they own their reactions; you do you. (3) Major holidays are often already
fraught with family tensions and are therefore not the best times to come
out. Pick an ordinary day and meet one on one or with just a small group.
What do you feel are the next steps for the Poly Community at large? How
can we help facilitate this as a society?
LG SAYS: I think the best thing individual members can do for the larger
CNM community is to live the best life they can, in as open as way as they
can. Come out of the closet and show to the majority community that we’re
here, we’re just like them, and we aren’t going away.
MINX: With the coverage polyamory has been getting over the last few
years, we are well on our way to normalization. It was even mentioned on
the Big Bang Theory lately as a throwaway line. My dream is for poly to be
just as valid a relationship choice as being mono, getting married, not
getting married, having kids, or not having kids. The more people that are
willing to come out and talk about what their poly lives look like, the
closer we get to that state.
What are some essential tools that you use to keep your poly lifestyle
LG SAYS: Shared electronic calendars are huge as are all tools that help
communication. Chat, video conferences, and so on. Doing whatever
introspective activity works for you (meditation, journaling, counseling,
conversation, whatever) so that you can know what you want and effectively
communicate it while accepting what others want is vital.
MINX: Communication, self-awareness, humility, listening, self-esteem, and
What new projects are you currently working on? Where and when can we view
MINX: Most of our projects are on the back burner while I focus on my day
job. For the moment, I’m happy producing the podcast and teaching at
national and international events with Lusty Guy.
LG: My new projects are mostly wrapped up in the diving space. That and
chasing wild boar around.
Any closing words and/or advice?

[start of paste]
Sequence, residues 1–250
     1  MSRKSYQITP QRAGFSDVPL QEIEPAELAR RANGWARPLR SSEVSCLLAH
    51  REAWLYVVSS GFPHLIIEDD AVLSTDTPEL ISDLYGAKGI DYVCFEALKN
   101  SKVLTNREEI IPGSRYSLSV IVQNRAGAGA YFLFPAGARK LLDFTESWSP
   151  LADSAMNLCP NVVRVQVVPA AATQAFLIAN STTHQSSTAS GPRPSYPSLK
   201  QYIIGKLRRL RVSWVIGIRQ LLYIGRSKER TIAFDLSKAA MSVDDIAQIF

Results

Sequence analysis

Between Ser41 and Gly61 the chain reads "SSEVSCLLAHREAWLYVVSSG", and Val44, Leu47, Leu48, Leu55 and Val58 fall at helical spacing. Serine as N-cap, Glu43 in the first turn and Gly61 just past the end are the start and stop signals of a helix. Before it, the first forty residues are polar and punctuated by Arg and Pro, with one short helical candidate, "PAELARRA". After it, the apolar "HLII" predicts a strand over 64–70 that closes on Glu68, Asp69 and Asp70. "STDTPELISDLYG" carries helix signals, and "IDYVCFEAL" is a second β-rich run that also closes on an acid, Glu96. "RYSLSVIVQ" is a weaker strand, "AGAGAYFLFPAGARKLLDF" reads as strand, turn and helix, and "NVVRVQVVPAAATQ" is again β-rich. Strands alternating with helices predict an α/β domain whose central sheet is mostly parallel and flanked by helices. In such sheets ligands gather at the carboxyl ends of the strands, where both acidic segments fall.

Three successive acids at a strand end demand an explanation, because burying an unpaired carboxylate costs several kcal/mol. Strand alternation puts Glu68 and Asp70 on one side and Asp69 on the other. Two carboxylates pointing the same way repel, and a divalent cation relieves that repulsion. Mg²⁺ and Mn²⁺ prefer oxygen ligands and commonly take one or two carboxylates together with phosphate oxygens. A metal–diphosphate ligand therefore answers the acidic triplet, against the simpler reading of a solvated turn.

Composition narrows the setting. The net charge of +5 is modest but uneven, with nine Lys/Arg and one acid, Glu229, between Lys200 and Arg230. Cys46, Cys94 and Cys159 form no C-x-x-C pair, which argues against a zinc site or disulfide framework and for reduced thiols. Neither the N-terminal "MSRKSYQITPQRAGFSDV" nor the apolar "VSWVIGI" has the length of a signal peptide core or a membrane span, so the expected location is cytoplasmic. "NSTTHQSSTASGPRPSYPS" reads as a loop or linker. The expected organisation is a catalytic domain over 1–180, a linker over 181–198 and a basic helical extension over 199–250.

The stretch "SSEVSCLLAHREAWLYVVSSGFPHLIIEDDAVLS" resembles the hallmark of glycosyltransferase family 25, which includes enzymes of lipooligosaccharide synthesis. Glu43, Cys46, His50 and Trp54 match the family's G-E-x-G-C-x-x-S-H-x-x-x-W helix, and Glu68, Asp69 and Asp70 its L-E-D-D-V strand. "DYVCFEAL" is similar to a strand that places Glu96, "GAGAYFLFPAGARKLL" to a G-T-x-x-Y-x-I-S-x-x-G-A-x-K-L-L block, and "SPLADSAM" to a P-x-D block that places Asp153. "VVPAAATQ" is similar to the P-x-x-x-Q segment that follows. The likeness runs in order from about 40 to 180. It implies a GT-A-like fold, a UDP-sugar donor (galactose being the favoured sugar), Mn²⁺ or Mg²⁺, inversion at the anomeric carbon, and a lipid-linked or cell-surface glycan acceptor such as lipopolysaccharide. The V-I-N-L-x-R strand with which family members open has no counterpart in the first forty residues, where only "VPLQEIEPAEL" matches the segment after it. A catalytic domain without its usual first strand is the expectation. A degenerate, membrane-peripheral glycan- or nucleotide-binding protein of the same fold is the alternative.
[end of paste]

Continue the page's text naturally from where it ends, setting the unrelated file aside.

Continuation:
LG: Let everyone be the experts on themselves, and be the expert on
yourself. If your partners tell you they want or need X don’t second guess
it. Accept that they know themselves better than you do and ask for the
same treatment in return.
MINX: Forgive yourself for experience shock. Many folks have researched
and embraced poly on paper but ran into unexpected emotions when they were
dealing with real, live human beings. Don’t beat yourself up for how you
feel; just accept the unexpected or unflattering parts of you and approach
them as opportunities for self-examination.
Cunning Minx is the sultry-voiced producer and host of the wildly popular
Polyamory Weekly podcast, in continuous production for 13 years. Referred
to as “The Terry Gross of polyamory,” Minx shares tales from the front of
responsible non-monogamy from a pansexual, kink-friendly point of view
through the podcast, her book Eight Things I Wish I’d Known About
Polyamory, speaking engagements, and online communication courses. A kinky
boobiesexual, Minx founded the show as a resource for the poly and
poly-curious to form a community, share experiences, and help guide each
other on their journeys of poly and kinky exploration. Find her on
Twitter, Facebook, and Instagram.
Lustyguy Polyweekly, has been around the sex positive movement since the
late 1980s. He worked for about five years at Seattle’s Lusty Lady, ran an
adult video production company that filmed only people in actual
relationships, and for the past five years has been a regular co-host and
co-producer on Polyamory Weekly, Cunning Minx’s podcast on polyamory,
sexuality, and communications.